Franklin Jones was no stranger to trouble. It followed him around like a storm chaser. The wind was always blowing in the wrong direction to catch a break.
It was 3:00 am on the corner of Hollywood and Wilcox and Franklin could hear the music inside the Playhouse Club beating to the throbbing inside his head. She was in there. He knew she was in there. He wanted to go inside. He needed to see her.
Franklin exhaled slowly. He could see his breath and shivered. People say it never gets cold in Hollywood, but Franklin knew that hell does freeze over. He looked up at the starless sky and cursed his luck.
“Don’t fall in love with a singer.”
“Jeff!” She said it again. Jeff’s eyes rose from the glare of the laptop, straining to focus. “It’s three-o-clock in the morning. What are you doing?” Jill stood in the doorway of his office.
The woman pushed open the door to the Playhouse Club. He recognized her immediately. She winked. Jeff closed his laptop.
Jill took a step closer. “I’m worried about you.” She only came as close as the edge of his desk. “I think we should talk about it.”
Jeff stood up. “I can’t. Not yet.”
The only light in the room was moonlight. Jeff stood in the dark. He could see the shape of her body through her nightgown.
“This isn’t like your other stories,” she said.
“I know. It’s different.”
“She’s perceptive, I’ll give her that.” The woman stood in a corner of the room. She still had her dancing shoes on.
“What are you doing here?” Jeff demanded.
“I’m scared, Jeff,” a glint of hurt touching Jill’s eyes.
“Not you,” Jeff said.
The woman in the corner laughed. “Love triangle, Jeffrey?”
“This is not a love triangle.”
“Who are you talking to?” Jill demanded.
Jeff looked at the woman. He had the sense she was beautiful, and, dangerous. He looked back at Jill. She stood there in the moonlight, afraid, vulnerable. They had been together a long time. He wanted them to be together forever. He took a step around the desk and reached to touch her.
Jill stepped back.
Jeff shifted his weight to one foot. He was suddenly very tired.
“I’m flattered, Jeffrey.” Jeff held his breath and scowled at the woman.
Jill folded her arms across her chest. “Your muse is a… woman?”
Jeff shifted his weight again. “Yes…but…”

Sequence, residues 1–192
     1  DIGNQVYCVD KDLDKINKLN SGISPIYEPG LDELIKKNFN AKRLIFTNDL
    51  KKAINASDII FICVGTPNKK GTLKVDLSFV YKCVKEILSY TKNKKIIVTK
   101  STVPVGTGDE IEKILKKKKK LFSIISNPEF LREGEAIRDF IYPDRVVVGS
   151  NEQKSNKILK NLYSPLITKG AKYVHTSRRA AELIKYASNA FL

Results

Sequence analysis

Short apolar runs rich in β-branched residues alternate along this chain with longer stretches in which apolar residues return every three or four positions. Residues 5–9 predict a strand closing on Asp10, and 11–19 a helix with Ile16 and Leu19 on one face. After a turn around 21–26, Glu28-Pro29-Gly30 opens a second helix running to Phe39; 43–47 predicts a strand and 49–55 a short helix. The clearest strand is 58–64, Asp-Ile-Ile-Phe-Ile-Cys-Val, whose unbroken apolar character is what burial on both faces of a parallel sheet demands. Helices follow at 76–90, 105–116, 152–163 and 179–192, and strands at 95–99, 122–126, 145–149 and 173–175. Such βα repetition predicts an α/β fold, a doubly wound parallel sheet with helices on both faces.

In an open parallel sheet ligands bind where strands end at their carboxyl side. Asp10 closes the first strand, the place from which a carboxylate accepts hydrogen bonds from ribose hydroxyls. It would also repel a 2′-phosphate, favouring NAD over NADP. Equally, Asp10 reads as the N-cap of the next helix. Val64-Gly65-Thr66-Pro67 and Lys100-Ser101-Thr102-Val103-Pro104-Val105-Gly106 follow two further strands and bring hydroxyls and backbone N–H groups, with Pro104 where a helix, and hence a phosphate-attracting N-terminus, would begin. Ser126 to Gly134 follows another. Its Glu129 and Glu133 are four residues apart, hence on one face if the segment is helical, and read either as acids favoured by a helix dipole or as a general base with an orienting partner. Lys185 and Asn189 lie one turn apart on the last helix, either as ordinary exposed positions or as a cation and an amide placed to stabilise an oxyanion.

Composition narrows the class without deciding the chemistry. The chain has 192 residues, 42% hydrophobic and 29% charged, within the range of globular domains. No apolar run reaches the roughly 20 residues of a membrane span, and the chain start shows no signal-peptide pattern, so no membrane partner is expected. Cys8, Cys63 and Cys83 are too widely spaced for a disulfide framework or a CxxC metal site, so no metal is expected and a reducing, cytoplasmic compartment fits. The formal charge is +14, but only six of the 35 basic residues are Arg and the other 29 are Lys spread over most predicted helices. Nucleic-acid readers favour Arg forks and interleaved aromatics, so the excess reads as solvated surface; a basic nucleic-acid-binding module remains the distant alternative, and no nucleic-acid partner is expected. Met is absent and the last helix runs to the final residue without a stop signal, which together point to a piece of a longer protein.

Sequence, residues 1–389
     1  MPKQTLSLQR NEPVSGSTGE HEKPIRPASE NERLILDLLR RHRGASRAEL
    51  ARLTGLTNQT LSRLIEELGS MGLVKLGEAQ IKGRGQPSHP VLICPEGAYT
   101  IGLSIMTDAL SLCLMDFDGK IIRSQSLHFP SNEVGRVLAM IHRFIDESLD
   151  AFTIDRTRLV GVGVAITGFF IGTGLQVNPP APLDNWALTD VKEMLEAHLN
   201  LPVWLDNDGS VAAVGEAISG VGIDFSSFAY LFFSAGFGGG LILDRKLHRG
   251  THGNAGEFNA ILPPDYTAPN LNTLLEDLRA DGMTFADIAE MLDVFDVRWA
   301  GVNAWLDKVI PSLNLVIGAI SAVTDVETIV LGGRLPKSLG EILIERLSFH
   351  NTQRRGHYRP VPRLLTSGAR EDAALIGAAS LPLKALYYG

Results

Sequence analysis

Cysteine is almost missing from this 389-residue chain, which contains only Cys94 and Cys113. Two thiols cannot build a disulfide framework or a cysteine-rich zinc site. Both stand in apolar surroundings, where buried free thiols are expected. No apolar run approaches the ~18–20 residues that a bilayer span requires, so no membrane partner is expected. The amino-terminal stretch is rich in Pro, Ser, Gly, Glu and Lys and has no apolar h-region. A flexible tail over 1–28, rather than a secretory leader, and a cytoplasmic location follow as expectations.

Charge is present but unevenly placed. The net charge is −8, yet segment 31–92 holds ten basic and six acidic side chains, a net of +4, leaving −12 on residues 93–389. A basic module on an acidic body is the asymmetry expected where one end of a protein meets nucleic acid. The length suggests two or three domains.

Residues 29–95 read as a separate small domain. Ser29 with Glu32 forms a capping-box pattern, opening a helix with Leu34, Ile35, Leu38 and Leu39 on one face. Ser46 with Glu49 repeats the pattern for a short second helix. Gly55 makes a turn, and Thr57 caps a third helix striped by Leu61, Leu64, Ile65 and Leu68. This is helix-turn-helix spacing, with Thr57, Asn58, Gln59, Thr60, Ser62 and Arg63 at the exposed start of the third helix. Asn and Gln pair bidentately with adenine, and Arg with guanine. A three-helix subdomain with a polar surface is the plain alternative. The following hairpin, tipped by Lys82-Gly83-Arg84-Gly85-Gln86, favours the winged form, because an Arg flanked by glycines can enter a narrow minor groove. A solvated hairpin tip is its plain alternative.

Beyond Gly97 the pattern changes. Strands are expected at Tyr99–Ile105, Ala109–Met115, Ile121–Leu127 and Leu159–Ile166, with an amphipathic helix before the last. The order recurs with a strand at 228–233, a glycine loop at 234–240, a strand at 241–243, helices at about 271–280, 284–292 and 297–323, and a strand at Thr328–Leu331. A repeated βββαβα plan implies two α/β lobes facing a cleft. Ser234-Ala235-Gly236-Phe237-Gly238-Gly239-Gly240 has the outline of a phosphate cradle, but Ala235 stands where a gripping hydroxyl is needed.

“You used to say I was your muse.”
She doesn’t believe me.
A tear drop caught moonlight in the corner of her eye. “What happened, Jeff? What is happening to us?”
“Nothing’s happening to us.”
“Clearly something is going on with your relationship,” the woman said.
“Be quiet,” Jeff barked.
“She’s here right now?”
“No…” Jeff waved his arms in frustration. “Yes…I guess.” He put his arms on Jill’s shoulders. “You know I’m making this stuff up, right?”
She shrugged him off. “Don’t touch me.”
“You can sleep on the couch.” She turned and stormed out.
“How long?” Jeff called after her. She didn’t answer.
“Men are clueless,” the woman said.
“As if you would know.”
“Of course I know, Jeffrey. I’m your muse.” The woman sat down on Jeff’s leather couch, and crossed her legs.
Jeff sat back down at his desk. “Now what?” he said to himself.
“Give me a name, Jeffrey.”
The woman blended into the darkness of the couch. Jeff couldn’t make out her features. Moonlight glinted off her stiletto heals.
“Clara Malloy,” Jeff said. He’d been thinking about her name for a while.
“Clara Malloy,” the woman repeated, slowly. Her voice was soft and sad. She said her name with the melancholy angst of unfulfilled dreams and unrequited love.
Clara leaned into the moonlight. “Thank you, Jeff.” Her eyes were dark, shadowed. Her hair was black with glinting highlights. Jeff could tell her lips were full and moist and dark with lipstick. His eyes lingered, wanting more detail.
“You had better go,” he said.
“But…the story,” she said.
“It’s my story,” Jeff said.
“I’m telling it,” She said.
“Hello there, Joe.” Franklin Jones stood in the doorway pointing a gun at Jeff. “Clara.” Franklin tipped his hat.
“Frank,” Clara smirked.
“What’s going on?” Jeff demanded.
“I saw you outside the club,” Franklin said. “I followed you here.”
“You can’t do that?”
“She’s here. Isn’t she?”
“I don’t know what you’re talking about.”
“You should write this down,” Clara said.
“She’s upstairs, isn’t she?” Franklin demanded.
“You’ve got this all wrong, Frank. Charlotte’s not here.”
Frank’s pearl handle .45 caliber glinted in the moonlight. “You’re lying to me, Joe.”
“Joe? My names’s not Joe. Are you nuts?”
“I saw you talking to her through the window, in her nightgown.”
Realization dawned on Franklin.
“You’re sleeping with her aren’t you?” Franklin pulled the lever back on his .45.
“Not tonight, I’m not.”
“Not ever.” Franklin pulled the trigger. The flash was blinding. The pain was exquisite.
“You should have written this down.”
Jeff opened his eyes. Liquid pooled on the keys of his laptop.
Five-year-old Hayleigh stuck her finger into the stream of fluid oozing from the corner of Jeff’s mouth and giggled. Jeff sat up. The QWERTY keyboard checkered his face. “It’s time to take me to pre-school.”
Jeff stood up. His head hurt. His heart hurt. He checked his body for bullet holes.
“I dunno.” Hayleigh scooted out of his office. “Let’s go.”
Jeff tried to wipe the saliva from his keyboard. He wasn’t sure it would still work..
“I’m losing it,” Jeff whispered as he followed Hayleigh out of the room.
“You should be writing,” Clara said.
Jeff looked back. The room was empty.